No Fireplace, No Problem: Holiday Décor For Those Without a Chimney

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Image: Pottery Barn

It happens every year: the holiday decorating season. For my modern home in the Texas hill country there’s no real need for a fireplace. This means there’s no sign of a mantel, which is typically the hot spot for winter holiday sparkle. If you’re in the same situation and are looking for a different way to bring the traditional mantel-bound décor into your home, look no further.

Tabletop Warmth

If you have a long narrow table, like a sofa table or console table, it can be a great substitute for a mantel. Load it up with candles and greenery, like it’s shown above, or do what I do and hang your stockings from it.

Ladder to Santa

Holiday Decor For Those Without a Chimney on the Interior CollectiveImage: A Spotted Pony

For those who might want to get more creative with how you hang the stockings, the options are endless. One of the ideas that captured my imagination is the use of a rustic ladder. My only addition would be to add some garland and ornaments.

Branching Out

Holiday Decor For Those Without a Chimney on the Interior CollectiveImage: Apartment Therapy

Another terrific concept for stockings is to hang them from a branch on your wall. This is one of those DIY ideas that you can get creative with and truly make your own by adapting it to your décor. For example, you could easily substitute a branch for a brass railing instead.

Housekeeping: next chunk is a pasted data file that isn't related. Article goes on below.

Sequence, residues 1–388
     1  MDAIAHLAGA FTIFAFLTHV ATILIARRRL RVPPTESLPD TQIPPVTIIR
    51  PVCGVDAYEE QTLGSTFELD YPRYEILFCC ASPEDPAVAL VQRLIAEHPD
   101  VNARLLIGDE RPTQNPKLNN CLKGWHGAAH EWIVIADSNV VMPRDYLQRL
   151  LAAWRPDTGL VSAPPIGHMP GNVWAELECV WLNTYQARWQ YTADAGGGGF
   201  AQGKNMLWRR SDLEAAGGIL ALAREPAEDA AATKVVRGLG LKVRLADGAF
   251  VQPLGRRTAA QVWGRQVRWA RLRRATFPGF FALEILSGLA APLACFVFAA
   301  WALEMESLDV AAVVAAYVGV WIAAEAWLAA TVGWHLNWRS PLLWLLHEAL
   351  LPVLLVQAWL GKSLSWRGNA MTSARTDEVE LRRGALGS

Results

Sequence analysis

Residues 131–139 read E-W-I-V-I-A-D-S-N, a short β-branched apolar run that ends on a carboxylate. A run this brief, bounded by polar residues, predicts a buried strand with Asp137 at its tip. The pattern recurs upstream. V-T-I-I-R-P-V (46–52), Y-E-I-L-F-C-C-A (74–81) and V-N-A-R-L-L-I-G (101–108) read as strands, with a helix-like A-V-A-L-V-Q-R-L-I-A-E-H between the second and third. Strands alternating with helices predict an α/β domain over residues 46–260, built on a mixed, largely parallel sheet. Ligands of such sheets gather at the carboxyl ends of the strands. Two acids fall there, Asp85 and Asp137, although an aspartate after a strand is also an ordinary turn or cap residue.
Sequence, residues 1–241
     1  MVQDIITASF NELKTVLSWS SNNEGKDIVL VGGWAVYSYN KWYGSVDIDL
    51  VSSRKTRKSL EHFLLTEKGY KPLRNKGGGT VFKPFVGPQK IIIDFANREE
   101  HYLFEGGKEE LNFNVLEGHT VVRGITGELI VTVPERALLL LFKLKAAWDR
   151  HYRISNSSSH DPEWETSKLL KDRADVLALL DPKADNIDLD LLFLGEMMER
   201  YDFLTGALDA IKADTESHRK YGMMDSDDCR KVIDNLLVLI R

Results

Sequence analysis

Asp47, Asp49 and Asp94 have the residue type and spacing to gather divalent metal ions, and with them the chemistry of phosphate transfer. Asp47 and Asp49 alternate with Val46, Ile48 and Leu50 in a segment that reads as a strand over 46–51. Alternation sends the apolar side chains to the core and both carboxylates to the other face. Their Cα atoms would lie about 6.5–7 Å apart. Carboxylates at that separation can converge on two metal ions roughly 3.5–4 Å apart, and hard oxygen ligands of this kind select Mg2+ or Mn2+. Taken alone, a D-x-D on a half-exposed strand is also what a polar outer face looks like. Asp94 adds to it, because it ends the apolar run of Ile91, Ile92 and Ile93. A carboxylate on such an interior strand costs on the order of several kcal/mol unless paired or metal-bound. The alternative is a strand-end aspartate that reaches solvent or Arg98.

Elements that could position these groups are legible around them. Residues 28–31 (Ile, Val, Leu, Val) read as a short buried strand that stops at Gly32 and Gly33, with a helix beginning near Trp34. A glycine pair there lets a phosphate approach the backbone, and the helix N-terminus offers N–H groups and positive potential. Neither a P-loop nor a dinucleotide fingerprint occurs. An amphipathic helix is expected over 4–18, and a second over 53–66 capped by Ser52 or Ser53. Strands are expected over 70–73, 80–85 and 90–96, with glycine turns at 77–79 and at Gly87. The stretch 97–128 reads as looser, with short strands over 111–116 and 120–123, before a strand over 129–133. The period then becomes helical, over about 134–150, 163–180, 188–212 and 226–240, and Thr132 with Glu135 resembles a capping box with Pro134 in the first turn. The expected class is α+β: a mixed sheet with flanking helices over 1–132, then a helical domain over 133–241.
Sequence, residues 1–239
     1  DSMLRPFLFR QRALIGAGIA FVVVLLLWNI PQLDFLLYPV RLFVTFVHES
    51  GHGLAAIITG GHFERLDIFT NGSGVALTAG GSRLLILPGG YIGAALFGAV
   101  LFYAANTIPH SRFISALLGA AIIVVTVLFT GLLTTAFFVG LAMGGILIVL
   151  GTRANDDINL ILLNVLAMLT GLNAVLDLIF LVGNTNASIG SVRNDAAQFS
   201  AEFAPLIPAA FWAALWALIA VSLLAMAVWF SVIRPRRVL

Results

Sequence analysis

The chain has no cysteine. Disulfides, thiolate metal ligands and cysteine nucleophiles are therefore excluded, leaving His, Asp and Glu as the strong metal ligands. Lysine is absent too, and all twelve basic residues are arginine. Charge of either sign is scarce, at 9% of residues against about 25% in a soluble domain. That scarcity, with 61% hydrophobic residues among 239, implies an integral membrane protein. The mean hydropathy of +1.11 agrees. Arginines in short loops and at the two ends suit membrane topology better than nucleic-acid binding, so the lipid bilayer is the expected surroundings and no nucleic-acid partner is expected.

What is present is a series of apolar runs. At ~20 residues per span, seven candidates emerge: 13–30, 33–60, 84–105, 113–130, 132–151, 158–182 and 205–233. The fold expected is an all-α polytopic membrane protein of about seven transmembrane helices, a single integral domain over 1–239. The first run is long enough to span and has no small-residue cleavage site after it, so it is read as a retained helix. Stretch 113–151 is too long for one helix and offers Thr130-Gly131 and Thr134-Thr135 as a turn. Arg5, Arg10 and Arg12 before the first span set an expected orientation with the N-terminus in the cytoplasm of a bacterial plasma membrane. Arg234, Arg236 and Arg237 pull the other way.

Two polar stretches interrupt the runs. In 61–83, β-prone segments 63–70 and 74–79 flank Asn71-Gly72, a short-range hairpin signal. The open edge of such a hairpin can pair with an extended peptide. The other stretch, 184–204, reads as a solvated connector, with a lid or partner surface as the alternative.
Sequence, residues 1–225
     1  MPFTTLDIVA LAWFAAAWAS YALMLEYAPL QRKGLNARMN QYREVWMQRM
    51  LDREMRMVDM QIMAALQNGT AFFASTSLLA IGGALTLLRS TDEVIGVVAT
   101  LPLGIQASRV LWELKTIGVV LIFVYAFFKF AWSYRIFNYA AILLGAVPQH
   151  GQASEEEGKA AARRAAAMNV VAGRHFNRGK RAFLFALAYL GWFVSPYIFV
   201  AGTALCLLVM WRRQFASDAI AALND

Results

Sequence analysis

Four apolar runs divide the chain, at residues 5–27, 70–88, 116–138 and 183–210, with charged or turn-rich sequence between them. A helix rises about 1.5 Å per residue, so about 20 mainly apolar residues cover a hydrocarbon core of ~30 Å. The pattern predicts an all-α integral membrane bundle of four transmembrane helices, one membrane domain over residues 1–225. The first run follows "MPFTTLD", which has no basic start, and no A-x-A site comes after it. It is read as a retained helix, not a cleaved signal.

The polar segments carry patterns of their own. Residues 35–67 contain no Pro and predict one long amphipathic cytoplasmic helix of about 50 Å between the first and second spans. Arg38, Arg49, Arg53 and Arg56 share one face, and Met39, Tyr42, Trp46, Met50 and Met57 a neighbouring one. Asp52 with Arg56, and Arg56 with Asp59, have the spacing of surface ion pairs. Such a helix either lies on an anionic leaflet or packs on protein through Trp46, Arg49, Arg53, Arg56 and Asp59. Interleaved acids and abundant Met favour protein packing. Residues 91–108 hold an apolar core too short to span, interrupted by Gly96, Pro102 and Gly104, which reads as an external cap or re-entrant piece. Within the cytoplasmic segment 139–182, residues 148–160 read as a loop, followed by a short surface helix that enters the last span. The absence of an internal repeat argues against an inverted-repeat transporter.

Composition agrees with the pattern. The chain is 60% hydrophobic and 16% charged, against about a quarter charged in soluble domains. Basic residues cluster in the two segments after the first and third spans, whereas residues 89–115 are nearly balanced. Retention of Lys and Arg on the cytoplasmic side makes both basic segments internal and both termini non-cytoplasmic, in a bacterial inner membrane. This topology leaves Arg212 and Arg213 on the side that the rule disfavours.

What About the Wreath?

Holiday Decor For Those Without a Chimney on the Interior CollectiveImage: The Cavender Diary

Don’t think I’d forget the traditional crowning achievement of most holiday mantel décor. You can always hang a wreath on a door, but if you want to make a real statement consider this modern masterpiece made of 3,000 red crayons. Simply hang it on a bare wall to spread holiday cheer in a brand new way.

How do you bring traditional mantel-bound holiday décor into your home?

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Dave Hime, founder/curator of, has been an interior design addict for as long as he can remember. In 2005, he bought a house-in-progress and missed several opportunities to have an influence on his own home decor–leaving him wanting more. With design heroes such as Blake Dollahite ( and Robert & Cortney Novogratz (, Dave began seeking out online resources that would exemplify the interior design practices he's most drawn to: using color, texture and simple materials well. Bringing all of this together, along with his specific focus on providing interior design inspiration from a man's point of view, is Dave's mission: masculine design.